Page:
Accreditation and certification are offered by professional PR organizations. These organizations are well trusted in the field. Therefore, they add a level of respect and honor to your resume. While you don’t need to be accredited or certified to work in PR, it helps to be so.
Some examples of agencies that offer certification and accreditation (or can connect you with one who does) include:
- Public Relations Society of America
- International Public Relations Association
- American Communication Association
- American Marketing Association
- Global Alliance for Public Relations and Communication Management
In addition, you can join agencies like these to grow your professional knowledge in the field. Through membership, you may also attend conferences and access research in the field. By joining professional organizations, you can help keep your skills top notch.
A Career in PR
In 2018, the PR workforce had 270,000 members. Before the next census, the workforce could grow by 6 %, or 17,300 workers. A worker’s average age in the field that same year was 40 years old. About 1.7 % of the workforce was 29 years old and 3.9 % was 28 years old. Females were most likely to hold a degree in PR. In 2018, nearly 65.3 % of the workers with a degree in PR were female.
What jobs can you get with a PR Degree?
Earning a PR degree may give you the skills necessary to pursue a career in other fields, as well. By carefully assessing your writing and communications skills, online PR courses may also make you a valuable candidate for hire at many companies. Be sure to study which options may be open to you by using statistics compiled by the BLS.
As a PR Specialist, you may write press releases and carefully craft informational material for the media. In addition, you could help clients communicate with the public, respond to media requests or customer questions. Also, you may even write speeches for public figures or business executives. Your role is to make clients appear in favor to the public.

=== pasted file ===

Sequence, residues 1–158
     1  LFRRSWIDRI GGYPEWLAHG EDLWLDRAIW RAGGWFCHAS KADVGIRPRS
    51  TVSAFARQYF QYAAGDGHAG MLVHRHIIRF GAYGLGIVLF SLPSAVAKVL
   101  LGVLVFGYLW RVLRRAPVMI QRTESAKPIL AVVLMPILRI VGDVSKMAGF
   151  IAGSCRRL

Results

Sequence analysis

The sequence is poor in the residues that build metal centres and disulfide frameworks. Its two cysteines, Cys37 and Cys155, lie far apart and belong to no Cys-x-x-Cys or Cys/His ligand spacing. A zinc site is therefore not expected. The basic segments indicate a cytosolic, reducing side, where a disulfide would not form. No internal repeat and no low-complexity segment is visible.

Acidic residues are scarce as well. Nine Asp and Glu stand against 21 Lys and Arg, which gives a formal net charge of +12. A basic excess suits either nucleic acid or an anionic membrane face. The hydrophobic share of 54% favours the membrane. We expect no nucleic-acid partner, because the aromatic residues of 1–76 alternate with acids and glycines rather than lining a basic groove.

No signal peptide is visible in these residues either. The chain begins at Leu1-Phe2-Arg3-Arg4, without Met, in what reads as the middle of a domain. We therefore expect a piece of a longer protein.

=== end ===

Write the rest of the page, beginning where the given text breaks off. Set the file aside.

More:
Avg. Salary: $60,000 per year
Job growth to 2028:6% (As fast as avg.)
Entry level edu: B.A.
PR FUNDRAISING MANAGERS
PR Fundraising Managers are similar to PR specialists. They are different in that the former is also responsible for creating campaigns that attract donors. As a manager, you could contact potential donors, hold meetings with high profile contributors, and apply for grants. You may also design ad campaigns to raise money for your clients.
Avg. Salary: $114,800 per year
Job growth to 2028: 8% (Faster than avg.)
Entry level edu: B.A.
ADVERTISING, PROMOTIONS, AND MARKETING MANAGERS
Whereas, as a fundraising manager, you might work for specific people, as an advertising, promotions or marketing manager, you will typically work for companies to help publicize a product or service. Since your focus is on advertising, you may write marketing campaigns, such as TV commercials, radio spots, print ads, online marketing efforts, and more. In addition, you could also spend a large portion of time doing industry research in order to develop potential marketing strategies.
Avg. Salary: $132,620 per year
Job growth to 2028: 8% (Faster than avg.)
Entry level edu: B.A.